The Beale-Street Beat
I've just returned home from attending the Beale Street Music Festival in Memphis. As many of you know, I have kept a constant vigil over these markets over the past several years, and have even tried to stay connected during conferences and mine-site visits so that we never skipped a collective beat. Getting away for several days was an uncommon treat, but please know I am very cognizant of troubling market condition of the equities in my purview. As one who is heavily invested in the mining equities, you can bet that my own frustration with the horrific action in this sector is as visceral it gets. And yet, I remain 100% calm. I know that fundamental value will always trump a slump.
I know that the French peoples' demonstrated fear of austerity is surpassed only by that felt by politicians the world over who may have briefly considered responding to the gravity of our predicament by targeting out-of-control public expenditure. They have just been reminded that threatening to inject austerity into a subsidized, stimulated, and data-massaged illusion of relative economic stability is tantamount to swift political suicide. As a result, the global political stage has been set for continuing to follow (what I consider) the fatally flawed strategy of spending, stimulating, and printing their way out of what may yet prove the greatest economic crisis in the history of the world.
I don't want anyone out there to adopt my conclusions as their own. I wish only for my fellow Fools to examine the whole of our collective predicament through a critical lens that recognizes the enormous stakes involved in this entire Keynesian experiment in crisis management. For myself, I am 100% satisfied that $2,000 gold, at the very least, is an unavoidable outcome. The window of opportunity to pursue an alternate, more rational response to the crisis, in my view, closed a few years back. I am personally not the slightest bit deterred by the unseemly action in the mining equities. Although it is far more severe than I ever would have imagined possible at these metal prices, and some reasonable adjustments to long-term equity price targets must therefore be considered, I consider the eventual influx of investment capital into these stocks just as unavoidable as the rise in the metal prices themselves.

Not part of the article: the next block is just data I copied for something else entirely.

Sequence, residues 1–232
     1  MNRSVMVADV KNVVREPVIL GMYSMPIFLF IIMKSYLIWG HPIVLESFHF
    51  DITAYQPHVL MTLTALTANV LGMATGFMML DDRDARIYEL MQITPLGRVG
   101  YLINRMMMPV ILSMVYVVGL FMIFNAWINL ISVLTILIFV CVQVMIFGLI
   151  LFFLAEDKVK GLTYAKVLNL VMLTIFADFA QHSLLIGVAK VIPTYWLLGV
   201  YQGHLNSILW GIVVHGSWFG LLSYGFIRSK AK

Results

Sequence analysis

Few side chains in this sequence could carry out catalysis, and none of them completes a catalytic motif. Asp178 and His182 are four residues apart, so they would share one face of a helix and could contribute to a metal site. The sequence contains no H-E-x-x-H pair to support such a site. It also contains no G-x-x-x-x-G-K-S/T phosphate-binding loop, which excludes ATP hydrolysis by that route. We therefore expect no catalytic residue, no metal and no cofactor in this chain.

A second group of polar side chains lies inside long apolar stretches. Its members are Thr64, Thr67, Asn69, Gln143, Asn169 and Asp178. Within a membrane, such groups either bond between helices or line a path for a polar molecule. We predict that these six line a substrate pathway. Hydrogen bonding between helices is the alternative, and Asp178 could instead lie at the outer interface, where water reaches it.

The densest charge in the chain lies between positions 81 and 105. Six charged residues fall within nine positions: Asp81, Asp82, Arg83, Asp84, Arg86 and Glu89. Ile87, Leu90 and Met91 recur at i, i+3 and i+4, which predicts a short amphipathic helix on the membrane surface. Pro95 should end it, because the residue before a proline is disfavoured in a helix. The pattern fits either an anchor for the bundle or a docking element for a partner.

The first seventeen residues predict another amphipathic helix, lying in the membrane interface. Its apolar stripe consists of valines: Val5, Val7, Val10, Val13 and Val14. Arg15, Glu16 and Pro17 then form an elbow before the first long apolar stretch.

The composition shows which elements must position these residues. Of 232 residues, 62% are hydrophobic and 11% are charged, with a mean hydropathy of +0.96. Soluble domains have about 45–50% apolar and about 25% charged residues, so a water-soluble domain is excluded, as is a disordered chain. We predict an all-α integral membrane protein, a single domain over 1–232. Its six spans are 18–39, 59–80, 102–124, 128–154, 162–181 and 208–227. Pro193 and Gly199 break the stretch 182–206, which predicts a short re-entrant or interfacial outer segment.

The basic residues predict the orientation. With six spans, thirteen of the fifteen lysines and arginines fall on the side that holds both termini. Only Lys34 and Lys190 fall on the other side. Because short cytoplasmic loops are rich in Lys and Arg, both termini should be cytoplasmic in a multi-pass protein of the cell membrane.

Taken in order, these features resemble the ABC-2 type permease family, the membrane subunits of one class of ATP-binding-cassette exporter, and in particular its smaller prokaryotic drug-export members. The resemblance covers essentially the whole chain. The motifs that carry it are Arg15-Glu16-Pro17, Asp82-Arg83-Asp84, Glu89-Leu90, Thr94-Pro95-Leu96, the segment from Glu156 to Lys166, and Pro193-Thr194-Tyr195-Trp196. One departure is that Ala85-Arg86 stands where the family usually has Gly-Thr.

It can be very frustrating, indeed, to watch your most bullish stock picks careen into a seemingly bottomles pit of weakness. Those invested in this space through the earlier chapters of the financial crisis recall the sensation. Where repeated manipulation by deep-pocketed entities -- operating with apparent impunity -- is perceived as a contributing cause, it's like having lime juice sprayed into our wounds. But losses don't become losses until you sell, and this long-term-focused Fool is prepared to sleep in the nest he's made with this menagerie of metal miners. I was reminded this past week, just as was during a difficult period during 2008 and 2009, of the importance of striking a positive balance in our lives such that the manic whims of these markets are rendered powerless to impact our overall sense of well-being. Though we may invest in precious metals, nothing is as precious as the bonds we forge with those around us. Though we may be inclined to pity our own plight while watching rivers of red flowing through our mining stock portfolios, it is critical to maintain perspective. I've just recharged my own batteries with fun-in-the-sun (and the "super-moon"), terrific music (excluding Jane's Addiction, whose new stuff is utter garbage), and great company. By whichever means you find most effective, I wish each of you well in recharging your own batteries. Fool on!